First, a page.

Linux Plays Starring Role in Sinbad

 
 
By Peter Galli  |  Posted 2003-07-01 Email Print this article Print
 
 
 
 
 
 
 

With HP's help, DreamWorks' "Sinbad: Legend of the Seven Seas" becomes the first film ever created entirely on Linux.

The newest animated movie from DreamWorks studios and which opens to audiences this week, "Sinbad: Legend of the Seven Seas," is the first film ever created entirely on Linux. Mike Balma, Hewlett-Packard Co.s Linux business strategist, told eWEEK in an interview that the company has been working with DreamWorks since 2001 when it helped the movie studio bring Linux graphics work to animated movies. While Linux graphics played a role in the animated movie "Shrek," "Sinbad" is the first movie the studio has made entirely using Linux. "The graphics animation was done on HP workstations, while the back-end rendering was done on Linux servers," Balma said.
"The studio can now do all the front-end and back-end work on Linux, so why would they want to use anything else?" he asked.
In "Sinbad," DreamWorks used a technique called animatics in preshooting the entire film. Animatics is similar to storyboarding but uses a digital format. That, along with the power of HPs workstations, allowed the studio to see the storyboard in real time and make better creative decisions, Balma said. The Linux animation project also blends traditional and digital animation, while leveraging hand-drawn characters with the visual power of three-dimensional and high-resolution animatics. With animated films becoming more graphics-intensive, DreamWorks has adopted high-performance, industry-standard HP workstations running Linux to provide greater flexibility and the scalability required for the animation as well as to save on hardware costs, Balma said.
More than 250 mostly 3-D accelerated dual-monitor HP workstations running Red Hat Linux made up the the core of DreamWorks graphics platform for the artists working on "Sinbad." Dual-monitor environments increase workflow productivity by allowing artists to have multiple windows open, he said. DreamWorks has also developed a Digital Animation Review Tool, an uncompressed and full-resolution color-accurate playback solution on the desktop, which replaced an SGI Unix-based operating system known as Irix, which was costly and was limited in functionality, Balma said.


 
 
 
 
Peter Galli has been a financial/technology reporter for 12 years at leading publications in South Africa, the UK and the US. He has been Investment Editor of South Africa's Business Day Newspaper, the sister publication of the Financial Times of London.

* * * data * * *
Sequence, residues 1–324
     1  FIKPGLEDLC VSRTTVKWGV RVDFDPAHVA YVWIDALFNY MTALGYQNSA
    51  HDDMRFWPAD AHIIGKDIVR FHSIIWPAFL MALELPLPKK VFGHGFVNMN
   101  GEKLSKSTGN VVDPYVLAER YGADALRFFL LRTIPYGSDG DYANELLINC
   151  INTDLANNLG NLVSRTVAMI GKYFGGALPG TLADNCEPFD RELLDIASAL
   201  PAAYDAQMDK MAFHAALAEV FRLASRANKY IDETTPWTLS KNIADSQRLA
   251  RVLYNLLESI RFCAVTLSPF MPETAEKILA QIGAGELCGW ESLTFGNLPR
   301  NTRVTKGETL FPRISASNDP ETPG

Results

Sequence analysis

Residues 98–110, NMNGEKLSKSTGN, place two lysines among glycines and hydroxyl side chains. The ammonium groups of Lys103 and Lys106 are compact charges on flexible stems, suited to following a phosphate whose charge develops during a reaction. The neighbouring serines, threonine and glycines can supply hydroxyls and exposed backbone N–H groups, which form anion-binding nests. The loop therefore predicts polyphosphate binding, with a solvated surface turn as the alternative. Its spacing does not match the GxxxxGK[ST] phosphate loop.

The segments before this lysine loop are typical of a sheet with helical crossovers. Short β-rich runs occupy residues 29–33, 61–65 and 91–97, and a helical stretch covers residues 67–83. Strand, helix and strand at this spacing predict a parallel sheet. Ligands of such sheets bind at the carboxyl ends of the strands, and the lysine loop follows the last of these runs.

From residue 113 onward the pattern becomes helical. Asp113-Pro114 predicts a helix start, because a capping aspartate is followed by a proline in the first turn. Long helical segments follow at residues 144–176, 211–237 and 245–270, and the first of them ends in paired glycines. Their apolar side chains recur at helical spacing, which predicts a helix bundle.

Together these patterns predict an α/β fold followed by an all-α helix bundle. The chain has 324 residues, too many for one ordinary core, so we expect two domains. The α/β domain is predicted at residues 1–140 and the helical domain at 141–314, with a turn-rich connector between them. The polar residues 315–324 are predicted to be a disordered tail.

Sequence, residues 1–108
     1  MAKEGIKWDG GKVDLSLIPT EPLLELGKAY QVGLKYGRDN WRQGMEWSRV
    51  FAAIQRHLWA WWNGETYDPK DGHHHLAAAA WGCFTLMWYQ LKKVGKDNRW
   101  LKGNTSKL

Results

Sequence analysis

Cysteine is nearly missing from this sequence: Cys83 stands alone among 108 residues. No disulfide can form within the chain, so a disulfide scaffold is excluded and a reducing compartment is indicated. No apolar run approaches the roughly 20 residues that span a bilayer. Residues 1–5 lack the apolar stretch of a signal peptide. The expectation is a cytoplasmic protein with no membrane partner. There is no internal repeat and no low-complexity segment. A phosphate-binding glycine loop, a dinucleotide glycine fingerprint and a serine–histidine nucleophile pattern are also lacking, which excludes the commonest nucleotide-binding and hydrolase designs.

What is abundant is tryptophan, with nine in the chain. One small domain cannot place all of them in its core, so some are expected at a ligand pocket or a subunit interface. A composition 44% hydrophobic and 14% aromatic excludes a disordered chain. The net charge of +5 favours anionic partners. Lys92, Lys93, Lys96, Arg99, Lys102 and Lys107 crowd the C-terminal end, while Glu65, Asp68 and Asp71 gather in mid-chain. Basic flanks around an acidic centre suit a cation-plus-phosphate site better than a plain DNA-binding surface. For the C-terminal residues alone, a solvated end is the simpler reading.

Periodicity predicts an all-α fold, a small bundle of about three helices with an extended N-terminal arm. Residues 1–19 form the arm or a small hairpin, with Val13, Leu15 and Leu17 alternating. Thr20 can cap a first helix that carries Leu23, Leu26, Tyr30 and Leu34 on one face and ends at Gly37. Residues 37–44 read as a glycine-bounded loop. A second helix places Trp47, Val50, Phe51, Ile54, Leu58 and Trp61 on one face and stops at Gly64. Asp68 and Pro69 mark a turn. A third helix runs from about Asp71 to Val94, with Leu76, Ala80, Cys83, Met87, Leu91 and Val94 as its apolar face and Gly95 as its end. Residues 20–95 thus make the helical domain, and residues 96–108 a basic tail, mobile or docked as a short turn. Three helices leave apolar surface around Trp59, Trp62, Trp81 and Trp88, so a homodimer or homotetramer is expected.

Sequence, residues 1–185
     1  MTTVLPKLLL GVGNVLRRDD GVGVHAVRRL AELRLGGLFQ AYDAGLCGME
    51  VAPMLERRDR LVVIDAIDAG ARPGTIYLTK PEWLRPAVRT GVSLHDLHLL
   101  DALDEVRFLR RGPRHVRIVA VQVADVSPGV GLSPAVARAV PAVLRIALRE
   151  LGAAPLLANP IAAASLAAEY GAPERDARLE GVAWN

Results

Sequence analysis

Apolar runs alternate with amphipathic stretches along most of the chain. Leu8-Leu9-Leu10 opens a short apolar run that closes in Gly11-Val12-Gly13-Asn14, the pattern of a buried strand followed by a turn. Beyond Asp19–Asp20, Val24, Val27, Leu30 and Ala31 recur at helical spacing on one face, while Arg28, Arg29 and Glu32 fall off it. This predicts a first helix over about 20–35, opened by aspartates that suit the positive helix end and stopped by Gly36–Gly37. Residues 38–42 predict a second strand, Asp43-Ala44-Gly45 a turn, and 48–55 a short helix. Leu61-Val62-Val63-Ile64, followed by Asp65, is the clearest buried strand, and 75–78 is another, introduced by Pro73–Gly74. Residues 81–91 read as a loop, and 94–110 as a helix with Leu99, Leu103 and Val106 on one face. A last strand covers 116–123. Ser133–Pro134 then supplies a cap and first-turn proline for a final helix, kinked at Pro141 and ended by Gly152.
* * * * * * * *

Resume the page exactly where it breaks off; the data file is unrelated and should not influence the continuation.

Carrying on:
He was also Group Financial Communications Manager for First National Bank, the second largest banking group in South Africa before moving on to become Executive News Editor of Business Report, the largest daily financial newspaper in South Africa, owned by the global Independent Newspapers group.

He was responsible for a national reporting team of 20 based in four bureaus. He also edited and contributed to its weekly technology page, and launched a financial and technology radio service supplying daily news bulletins to the national broadcaster, the South African Broadcasting Corporation, which were then distributed to some 50 radio stations across the country.

He was then transferred to San Francisco as Business Report's U.S. Correspondent to cover Silicon Valley, trade and finance between the US, Europe and emerging markets like South Africa. After serving that role for more than two years, he joined eWeek as a Senior Editor, covering software platforms in August 2000.

He has comprehensively covered Microsoft and its Windows and .Net platforms, as well as the many legal challenges it has faced. He has also focused on Sun Microsystems and its Solaris operating environment, Java and Unix offerings. He covers developments in the open source community, particularly around the Linux kernel and the effects it will have on the enterprise.

He has written extensively about new products for the Linux and Unix platforms, the development of open standards and critically looked at the potential Linux has to offer an alternative operating system and platform to Windows, .Net and Unix-based solutions like Solaris.

His interviews with senior industry executives include Microsoft CEO Steve Ballmer, Linus Torvalds, the original developer of the Linux operating system, Sun CEO Scot McNealy, and Bill Zeitler, a senior vice president at IBM.

For numerous examples of his writing you can search under his name at the eWEEK Website at www.eweek.com.

 
 
 
 
 
 
 

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